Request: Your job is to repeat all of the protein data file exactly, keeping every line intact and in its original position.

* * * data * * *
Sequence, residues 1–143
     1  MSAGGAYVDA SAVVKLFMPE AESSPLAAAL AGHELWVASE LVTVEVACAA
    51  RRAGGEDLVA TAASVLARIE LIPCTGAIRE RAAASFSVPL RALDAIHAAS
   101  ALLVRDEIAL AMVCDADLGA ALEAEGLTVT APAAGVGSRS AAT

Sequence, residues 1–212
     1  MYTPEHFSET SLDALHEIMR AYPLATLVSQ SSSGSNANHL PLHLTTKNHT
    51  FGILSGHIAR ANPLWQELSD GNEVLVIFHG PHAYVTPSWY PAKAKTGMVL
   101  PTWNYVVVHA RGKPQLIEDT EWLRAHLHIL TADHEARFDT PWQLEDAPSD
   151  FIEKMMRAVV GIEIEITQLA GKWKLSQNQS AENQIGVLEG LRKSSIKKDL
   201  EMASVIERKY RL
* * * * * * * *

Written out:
Sequence, residues 1–143
     1  MSAGGAYVDA SAVVKLFMPE AESSPLAAAL AGHELWVASE LVTVEVACAA
    51  RRAGGEDLVA TAASVLARIE LIPCTGAIRE RAAASFSVPL RALDAIHAAS
   101  ALLVRDEIAL AMVCDADLGA ALEAEGLTVT APAAGVGSRS AAT

Sequence, residues 1–212
     1  MYTPEHFSET SLDALHEIMR AYPLATLVSQ SSSGSNANHL PLHLTTKNHT
    51  FGILSGHIAR ANPLWQELSD GNEVLVIFHG PHAYVTPSWY PAKAKTGMVL
   101  PTWNYVVVHA RGKPQLIEDT EWLRAHLHIL TADHEARFDT PWQLEDAPSD
   151  FIEKMMRAVV GIEIEITQLA GKWKLSQNQS AENQIGVLEG LRKSSIKKDL
   201  EMASVIERKY RL